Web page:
March 28 2013 4:00 AM ET
Adele Tulli’s documentary Out in Mumbai, which follows three LGBT Indian natives in the run-up to Mumbai’s first Pride celebration, begins with a focus on Section 377 of the Indian Penal Code. It is a colonial-era law criminalizing any sexual activity “against the order of nature,” particularly intercourse between adults of the same sex.
On July 2009, the High Court of Delhi overturned the 150-year-old law as it violated consenting adults’ constitutional right to legal equality before the law.
We spoke to Tulli about her documentary — which premiered this month on the gay TV network HereTV — and about the future of India’s LGBT movement, the role she hopes her film plays in moving Indian queer rights forward, and more.
The Advocate: What compelled you to make the documentary and how did you go about finding its subjects?
Adele Tulli: I have been traveling to India for the last 10 years, lots of different reasons brought me there, among those my studies. I studied South Asian studies, focusing on social movements in contemporary India, mainly feminist and LGBT movements. When Section 377, the colonial law that criminalized homosexuality in the country, was finally repealed in 2009, the impact was amazing. LGBT issues were all over the news and for the first time the whole indian society had to acknowledge them. I was in Mumbai a year later and the energy among the LGBT community was still so vibrant. We were preparing the celebrations for the first anniversary of Section 377’s repeal and there came the idea of making it into a film. The documentary follows three people from Mumbai’s LGBT community that find themselves in the middle of this historic moment of India’s LGBT history. They are all close friends who were willing to share their personal stories, so to find them was not so difficult.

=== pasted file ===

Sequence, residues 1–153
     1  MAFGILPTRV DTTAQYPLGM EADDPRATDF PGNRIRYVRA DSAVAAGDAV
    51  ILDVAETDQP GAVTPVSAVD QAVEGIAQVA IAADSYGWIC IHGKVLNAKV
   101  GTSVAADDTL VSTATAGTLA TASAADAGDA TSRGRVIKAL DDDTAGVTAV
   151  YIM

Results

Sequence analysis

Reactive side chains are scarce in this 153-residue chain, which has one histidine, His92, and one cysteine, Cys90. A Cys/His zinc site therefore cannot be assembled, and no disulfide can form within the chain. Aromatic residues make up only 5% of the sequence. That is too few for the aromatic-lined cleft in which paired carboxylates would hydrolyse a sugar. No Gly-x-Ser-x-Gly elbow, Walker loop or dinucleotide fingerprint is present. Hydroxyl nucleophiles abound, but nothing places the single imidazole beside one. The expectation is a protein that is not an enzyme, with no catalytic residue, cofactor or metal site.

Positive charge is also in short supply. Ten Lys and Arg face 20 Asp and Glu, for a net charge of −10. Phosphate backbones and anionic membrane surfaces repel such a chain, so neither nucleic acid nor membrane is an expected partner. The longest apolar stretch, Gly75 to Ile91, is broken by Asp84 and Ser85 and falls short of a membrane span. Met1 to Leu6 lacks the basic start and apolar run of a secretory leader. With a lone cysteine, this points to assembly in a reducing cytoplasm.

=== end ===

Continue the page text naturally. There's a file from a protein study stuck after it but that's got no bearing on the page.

What have been your personal experiences with LGBT discrimination and community in Mumbai?
I recognize the importance of identity politics at a political level, but at a personal level I tend to avoid labels. If I had to choose one, maybe I would say queer. It depends on the context, if I am with a girlfriend in a very hetero-normative context, I would definitely call myself a lesbian. My experience with LGBT discrimination in Mumbai is not so different from a lot of other places where being gay is still very hard, Italy, where I come from, included. While I consider myself lucky to have had the opportunity of being in Mumbai during the first year of freedom of the LGBT community, the energy was so empowering. After years of invisibility, the struggles of the community were finally acknowledged and even if a law does not change society in one day, the impact it had on people was extraordinary. So many people came out, joined the community, and so many LGBT events, support groups, organizations were born.
According to Wikipedia, “The [Section 377] has not been used against homosexuals (or against consenting adults) is borne out by the history of convictions under this law in India, wherein there has been no case of a consensual homosexual act being prosecuted / convicted under this act.” Is this true?
It is true that convictions under the law were rare, but the main problem of Section 377 was that it was often used by police and social bigots to intimidate, threaten, harass and blackmail the gay and hijra community, preventing them from accessing legal protection from violence. The criminalization justified the social stigma and perpetuated a culture of silence around homosexuality that resulted in denial and rejection at home along with discrimination in workplaces and public spaces. It also constituted an impediment for organizations working on HIV prevention to provide health services and HIV/AIDS related information to sexual minority groups, etc.
What do you think are the top political priorities and future challenges for the LGBT movement in India?